The rich and mysterious culture of the Inca has long fascinated students of history. The largest of the pre-Columbian empires, the Inca ruled an empire that encompassed present-day Peru, Argentina, Bolivia, Chile, Colombia and Ecuador. Students of pre-Columbian civilization, whether expert or novice, will enjoy immersing themselves in the resources provided in this guide.
Hiram Bingham’s The Lost City of the Incas tells the story of the “discovery” by western culture of Machu Picchu in 1911.
The history of the rise of a small group of Peruvians into the Inca Empire is told in Burr Cartwright Brundage’s Empire of the Inca.
In The Incas, Terence N. D’Altroy explains the Inca ascendancy from a tiny mountain society to an empire of over 15 million people, as well as their sudden fall to Pizarro’s small force of only 200 men.
Considered by many to be the best book about the Spanish conquest of the Inca, John Hemming’s The Conquest of the Incas is the definitive history of the destruction of the Incan civilization.
Kim MacQuarrie’s The Last Days of the Incas chronicles the fall of Huascar and Atahualpa to the Spanish conquistador Pizarro, and the long guerilla war that followed.
Best Source Material
A digital version of Felipe Guaman Poma de Ayala’s famous coronica, with its history of the pre-conquest Andes, may be found at Det Kongelige Bibliotk, the National Library of Denmark.
At the Library of José Durand, scholars can view more than 70 historical and literary works that reconstruct the world of the noted historian, Garcilaso Inca de la Vega, the son of an Incan aristocrat and Spanish conquistador, born shortly after the fall of the Incan empire.
The Smithsonian Institution has over 800,000 video and audio files, images and journal articles in its online collection, and Inca scholars can find a wealth of resources by conducting simple searches.
Best Interactive Sites and Other Online Resources
The Carnegie Museum Online offers a survey of the history of Incan conquest, including the story of Hiram Bingham’s “discovery” of the ancient, high mountain city.
At Dumbarton Oaks, view an online exhibit that explains not only how the Incas used the sun to tell time, but how timekeeping for the Andeans was integrally connected with their religious beliefs.
The U.S. Library of Congress has a variety of exhibits, including an MIT professor’s lecture explaining the engineering behind Incan suspension bridges, as well as comparisons of pre-Colombian peoples.
For those interested in Incan and Peruvian art, the Museo de Arte Precolombino offers an online exhibition of vessels, figures and other art dating from 1250 B.C. to 1532 A.D. Peruse several galleries, including one dedicated to the Nasca and another devoted just to the Incan Imperial era (1300-1532 A.D.).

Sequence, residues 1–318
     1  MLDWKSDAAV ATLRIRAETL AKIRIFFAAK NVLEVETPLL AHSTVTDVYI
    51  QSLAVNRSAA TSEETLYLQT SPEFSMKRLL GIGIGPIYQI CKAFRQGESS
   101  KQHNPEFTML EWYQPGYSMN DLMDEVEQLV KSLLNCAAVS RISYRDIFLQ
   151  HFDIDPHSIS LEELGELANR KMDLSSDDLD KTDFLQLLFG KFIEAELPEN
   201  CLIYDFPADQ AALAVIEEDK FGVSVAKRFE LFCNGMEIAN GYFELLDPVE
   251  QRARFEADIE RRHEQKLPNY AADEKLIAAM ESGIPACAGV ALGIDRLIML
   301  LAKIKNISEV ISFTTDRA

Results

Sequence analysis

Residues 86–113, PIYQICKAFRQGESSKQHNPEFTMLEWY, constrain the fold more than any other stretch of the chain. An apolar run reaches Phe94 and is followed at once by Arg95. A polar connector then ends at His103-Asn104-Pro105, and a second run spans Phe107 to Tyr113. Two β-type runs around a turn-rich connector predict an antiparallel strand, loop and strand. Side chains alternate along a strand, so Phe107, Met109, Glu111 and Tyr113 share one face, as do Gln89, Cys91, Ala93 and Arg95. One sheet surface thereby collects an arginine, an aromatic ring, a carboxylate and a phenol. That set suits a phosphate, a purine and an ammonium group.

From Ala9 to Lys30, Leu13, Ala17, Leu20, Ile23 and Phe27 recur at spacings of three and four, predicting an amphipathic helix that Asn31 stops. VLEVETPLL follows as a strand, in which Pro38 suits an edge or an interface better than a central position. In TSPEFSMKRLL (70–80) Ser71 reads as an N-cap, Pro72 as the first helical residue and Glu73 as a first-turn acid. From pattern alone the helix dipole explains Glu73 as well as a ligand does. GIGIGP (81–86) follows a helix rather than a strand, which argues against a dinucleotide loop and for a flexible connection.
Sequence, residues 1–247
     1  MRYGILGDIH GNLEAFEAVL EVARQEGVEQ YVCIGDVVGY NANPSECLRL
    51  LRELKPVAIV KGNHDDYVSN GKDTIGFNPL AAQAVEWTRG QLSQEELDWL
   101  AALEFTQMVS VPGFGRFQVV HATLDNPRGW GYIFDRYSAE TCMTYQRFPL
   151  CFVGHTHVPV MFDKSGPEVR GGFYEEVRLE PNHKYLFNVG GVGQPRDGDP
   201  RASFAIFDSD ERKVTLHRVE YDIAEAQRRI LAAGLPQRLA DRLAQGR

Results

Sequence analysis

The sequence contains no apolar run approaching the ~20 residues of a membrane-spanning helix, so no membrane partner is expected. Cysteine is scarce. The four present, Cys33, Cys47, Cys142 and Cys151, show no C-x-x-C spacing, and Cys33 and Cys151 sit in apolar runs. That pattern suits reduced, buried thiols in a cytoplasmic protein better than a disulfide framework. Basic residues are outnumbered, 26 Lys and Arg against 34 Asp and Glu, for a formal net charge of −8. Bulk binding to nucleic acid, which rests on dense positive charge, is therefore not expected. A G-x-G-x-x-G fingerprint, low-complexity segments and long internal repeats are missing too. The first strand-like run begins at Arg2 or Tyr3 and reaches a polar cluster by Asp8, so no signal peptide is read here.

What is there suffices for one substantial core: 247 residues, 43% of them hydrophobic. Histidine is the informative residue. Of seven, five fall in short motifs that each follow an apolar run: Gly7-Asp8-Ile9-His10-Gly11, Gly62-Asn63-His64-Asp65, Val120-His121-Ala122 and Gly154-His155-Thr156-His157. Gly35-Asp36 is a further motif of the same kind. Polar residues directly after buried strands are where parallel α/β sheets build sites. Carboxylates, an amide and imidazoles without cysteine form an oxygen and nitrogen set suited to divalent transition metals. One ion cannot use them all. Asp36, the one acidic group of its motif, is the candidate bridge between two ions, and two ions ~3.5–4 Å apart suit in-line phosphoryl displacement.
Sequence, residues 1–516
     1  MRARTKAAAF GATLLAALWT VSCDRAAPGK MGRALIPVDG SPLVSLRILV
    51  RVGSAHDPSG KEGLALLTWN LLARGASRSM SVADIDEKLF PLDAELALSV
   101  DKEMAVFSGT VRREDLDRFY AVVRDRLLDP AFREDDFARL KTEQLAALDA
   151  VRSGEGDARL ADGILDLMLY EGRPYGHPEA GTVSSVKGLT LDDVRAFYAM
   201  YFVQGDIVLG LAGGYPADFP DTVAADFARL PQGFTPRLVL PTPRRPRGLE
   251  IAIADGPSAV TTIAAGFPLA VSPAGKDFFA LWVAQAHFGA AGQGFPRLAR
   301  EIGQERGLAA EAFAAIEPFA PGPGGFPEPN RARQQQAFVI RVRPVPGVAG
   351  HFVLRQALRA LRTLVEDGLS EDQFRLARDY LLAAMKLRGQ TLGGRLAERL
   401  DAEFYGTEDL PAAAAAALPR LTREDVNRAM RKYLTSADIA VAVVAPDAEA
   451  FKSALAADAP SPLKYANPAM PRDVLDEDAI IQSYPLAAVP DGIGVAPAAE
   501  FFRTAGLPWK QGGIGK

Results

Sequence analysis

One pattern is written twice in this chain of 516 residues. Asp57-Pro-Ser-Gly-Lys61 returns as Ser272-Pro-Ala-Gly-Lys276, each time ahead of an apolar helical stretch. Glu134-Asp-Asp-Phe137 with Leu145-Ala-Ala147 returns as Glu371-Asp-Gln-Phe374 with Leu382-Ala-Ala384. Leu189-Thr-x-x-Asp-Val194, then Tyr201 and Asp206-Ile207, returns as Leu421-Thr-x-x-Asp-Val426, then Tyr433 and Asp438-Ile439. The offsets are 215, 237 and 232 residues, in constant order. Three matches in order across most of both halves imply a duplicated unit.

The Museo Larco in Lima, Peru maintains an excellent collection of Incan objects and art, and its website has a wonderful photo gallery of Incan gold, jewelry, cultural objects, metals and textiles.
PBS’ Nova offers an interesting online survey of the Incan empire and culture. Interactive exhibits are available on unique Inca culture, such as operating on skulls, the engineering of Machu Picchu and ice mummies.
The Peabody Museum of Archaeology and Ethnology at Harvard University in Cambridge, Massachusetts offers a number of online resources to the Inca scholar, including its collection of colonial era Peruvian figurines, articles on Inka kinetics and water management, and audio lectures on Peru.
Whether you think they were made as landing strips and maps for extraterrestrials, offerings to the gods or simply big art, Peru’s Nazca geoglyphs are a fascinating piece of pre-Incan culture. The United Nations Educational Scientific and Cultural Organization (UNESCO) provides a comprehensive website with maps, a gallery and other information.
Literature About the Inca and Their Legacy
Deep Rivers by José Marîa Arguedas explores Peru’s two cultures, Andean and European. Arguedas is known for his depiction of natural surroundings and social conditions, and in this work, he shares Incan culture with western readers.
John Harrison’s Cloud Road recounts his modern-day trek along the 600 mile long ancient Inca Royal Road, the Camino Real. Mixing Incan history with the best aspects of travel writing, Harrison’s book is a must-read.
At the height of its power, the Inca Empire extended down to Patagonia. With Inés of My Soul, Isabel Allende recounts the story of Spain’s conquest of the Incas and the indigenous people in Chile through the eyes of a Spanish woman.
Mario Vargas Llosa is considered one of the lions of South American literature. His Death in the Andes weaves a modern mystery with ancient culture to create a thrilling page-turner.
With so many online exhibits, images and galleries, as well as the best books on the subject, even the novice historian can quickly develop an understanding of Incan history and culture. Take advantage of the wealth of resources and learn a bit about South America’s greatest pre-Columbian empire.